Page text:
Years have passed
since you emerged,
and still your wings unfold.

A dark world
would make you a victim.
Don’t live in its shadow.

Certain, within yourself,
pride is yours.
Wear it.

This is my response to dVerse Poetics: On Pride. Anmol asks us to write a poem on pride, gender fluidity, sexuality, protest, et al. I have seen how cruel the world can be and the damage it can inflict.

The recent US Supreme Court decision regarding employment discrimination, with the inclusion of LGBTQ, is a step forward. There are many more steps before us. Other poems I have written relative to this matter can be found here.

Image source: screen capture from this YouTube video (Nature in Motion).

Emergence ~ haiku

The following five haiku/senryū were included in my submission to Pure Haiku for the most recent theme, Emergence. The fourth and fifth appeared at Pure Haiku on March 7th and April 16th. My thanks go to Freya Pickard for featuring these.


true spirit revealed
a nature too long hidden
gender acceptance

chrysalis of green
parting as beauty unfolds
regal orange and black

long wait is over
nurtured in a mother’s warmth
a child’s eyes open

after long nights’ sleep
bear wakes in darkness of den
hungry for daylight

neurons fire, thoughts coalesce

Image source: screenshot from this YouTube video

Advocates Lobby ~ haibun

Advocates Lobby

Footsteps echo in state halls, as office doors open. Will lawmakers listen to citizens’ arguments for recognition of something as foreign to some as sexual orientation and gender identity? Echoes mean little if no one will listen, yet silence delivers nothing. And so they speak, hoping their representatives will hear.

hoping to counter
attempted isolation
advocates lobby

On promo Equality Day, February, 19th, concerned citizens standing up for equality and LGBTQ rights walked the halls of the Missouri Capitol during “promo Equality Day” and visited State Representatives to encourage them to support and pass the Missouri Nondiscrimination Act (MONA). MONA would prohibit discrimination based on a person’s sexual orientation or gender identity, such as unlawful housing practices, denial of loans or financial assistance, unlawful employment practices, and denial of access to public accommodations. MONA has been proposed every year since 1998, with growing support each year, and is badly needed in a state where no employee is assured protection from being fired for sexual orientation and public restroom access can be denied, based on gender identity. In a nation established on the protection of rights, some rights continue to be withheld, and any voice supporting those rights deserves to be heard.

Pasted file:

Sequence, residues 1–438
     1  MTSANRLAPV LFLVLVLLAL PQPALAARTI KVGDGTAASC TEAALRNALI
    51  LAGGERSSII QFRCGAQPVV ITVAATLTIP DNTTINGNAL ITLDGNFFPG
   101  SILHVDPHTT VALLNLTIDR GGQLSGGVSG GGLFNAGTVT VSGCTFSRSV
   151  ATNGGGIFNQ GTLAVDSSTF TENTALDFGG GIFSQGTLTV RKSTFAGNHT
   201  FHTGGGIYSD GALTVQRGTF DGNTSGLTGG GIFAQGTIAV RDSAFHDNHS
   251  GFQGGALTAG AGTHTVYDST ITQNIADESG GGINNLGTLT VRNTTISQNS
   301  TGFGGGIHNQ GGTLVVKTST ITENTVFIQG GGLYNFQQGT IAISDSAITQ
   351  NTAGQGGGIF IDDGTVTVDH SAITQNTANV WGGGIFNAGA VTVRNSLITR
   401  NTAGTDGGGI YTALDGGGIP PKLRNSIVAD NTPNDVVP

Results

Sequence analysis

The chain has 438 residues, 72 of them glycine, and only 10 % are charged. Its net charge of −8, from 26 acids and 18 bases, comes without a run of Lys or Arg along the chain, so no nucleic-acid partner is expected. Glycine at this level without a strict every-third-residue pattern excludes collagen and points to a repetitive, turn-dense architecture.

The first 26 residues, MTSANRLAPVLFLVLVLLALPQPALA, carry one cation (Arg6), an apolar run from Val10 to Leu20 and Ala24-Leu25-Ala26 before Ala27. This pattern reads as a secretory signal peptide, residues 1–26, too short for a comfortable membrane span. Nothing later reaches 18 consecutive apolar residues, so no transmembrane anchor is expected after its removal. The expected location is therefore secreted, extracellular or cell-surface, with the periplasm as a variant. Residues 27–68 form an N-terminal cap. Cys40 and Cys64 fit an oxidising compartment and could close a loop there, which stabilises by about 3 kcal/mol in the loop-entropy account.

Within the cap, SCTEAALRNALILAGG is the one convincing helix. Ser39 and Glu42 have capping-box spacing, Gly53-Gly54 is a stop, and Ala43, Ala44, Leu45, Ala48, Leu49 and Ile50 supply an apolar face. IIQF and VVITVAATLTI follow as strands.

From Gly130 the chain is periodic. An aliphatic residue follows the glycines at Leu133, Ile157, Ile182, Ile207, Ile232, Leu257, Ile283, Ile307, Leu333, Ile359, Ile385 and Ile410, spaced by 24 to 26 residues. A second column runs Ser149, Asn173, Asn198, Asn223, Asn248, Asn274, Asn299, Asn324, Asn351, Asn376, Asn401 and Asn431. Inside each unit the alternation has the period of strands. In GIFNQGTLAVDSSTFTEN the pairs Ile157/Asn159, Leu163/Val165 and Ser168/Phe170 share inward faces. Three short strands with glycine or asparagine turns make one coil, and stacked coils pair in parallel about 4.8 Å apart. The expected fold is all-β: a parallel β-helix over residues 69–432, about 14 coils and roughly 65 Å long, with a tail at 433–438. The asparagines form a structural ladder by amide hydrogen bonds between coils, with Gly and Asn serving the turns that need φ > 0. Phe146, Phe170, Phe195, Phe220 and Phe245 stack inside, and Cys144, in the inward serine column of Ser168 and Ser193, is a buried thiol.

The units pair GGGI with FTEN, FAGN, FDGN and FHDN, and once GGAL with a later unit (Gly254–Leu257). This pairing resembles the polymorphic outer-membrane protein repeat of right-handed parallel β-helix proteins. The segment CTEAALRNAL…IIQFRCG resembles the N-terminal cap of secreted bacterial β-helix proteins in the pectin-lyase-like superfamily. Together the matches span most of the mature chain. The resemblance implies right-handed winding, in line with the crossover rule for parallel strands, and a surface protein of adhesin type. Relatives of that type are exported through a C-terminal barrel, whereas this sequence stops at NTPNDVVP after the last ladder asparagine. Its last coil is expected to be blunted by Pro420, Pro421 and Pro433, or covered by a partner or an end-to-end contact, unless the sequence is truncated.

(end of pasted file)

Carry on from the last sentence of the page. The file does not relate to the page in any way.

This haibun is my response to the prompt for dVerse Poetics: On Privilege, which is to write a poem regarding privilege (or, as in this case, the lack thereof).

Image source:

ongoing struggle ~ haibun


ongoing struggle

In a short interview, filmmaker Monika Treut talks of the advances in the Berlin film community, and in real life, regarding the visibility of LGBTQ. She notes similar trends in other countries. However, she also points out that, in countries such as the US, acceptance is just as likely to be restricted in response to political trends, while, in countries such as Poland, art, especially as a medium to further LGBTQ rights, is unacceptable. She further notes that women, in general, face obstacles in being recognized and accepted as filmmakers.

ongoing struggle
for Q in society
life and cinema

acknowledgment sought
sans grudging recognition
for women, as well

This haibun (with haiku couplet) is in response to Haiku Review Challenge by The Secret Keeper.  The short film offered for review is An Interview with Monika Treut, found on Vimeo.


Unrelated news items that pulled me in:

A kiss can be the most intimate of expressions – its true intent known only to those in the exchange, yet interpreted by all who witness it.  Unfortunately, too often the reaction to that exchange, and to the relationship, by others outside of it is not one of acceptance.  Where does this end?

Passion is not limited to relationships.  Sometimes it’s expressed as the pursuit of, and love for, an activity.  Sadly, tragedy can bring an end to that passion in its last moments.


reaction to a simple kiss by
religion of terrorism
to proclaim an ideology

passion for great heights
and the open air
swept away in a moment

following news with shields down
remind self that weight of sadness
greatest for families devastated

Over the years, I’ve learned to reserve my emotions when reading or viewing tragic news.  I don’t turn them off, so I suppose I compartmentalize them.  I didn’t do that today.  First, in following the news about the mass shooting in Orlando; and then, reading about a hot air balloon tender who fell to his death when winds swept the balloon away after the riders disembarked.  Sometimes I have to remind myself that my sadness is incidental.



What is optimistic freedom, if it’s not
the freedom to be optimistic in the face of
insurmountable odds?

And what are those odds?

Is that like someone saying
you can use the restroom
when you pry the key from their cold, dead hands?

What is that, if not odd?

After all, everyone has to come to
their senses sometime, don’t they?
Or do they?

What if they’re asking the same question?

Maybe their optimistic freedom involves everyone else
coming to their senses.
It’s totally senseless to figure them out, if you ask me.

They would be the first to tell you they’ll be the last ones to come to their senses.


Day Fourteen of 2016 NaPoWriMo.
Image source: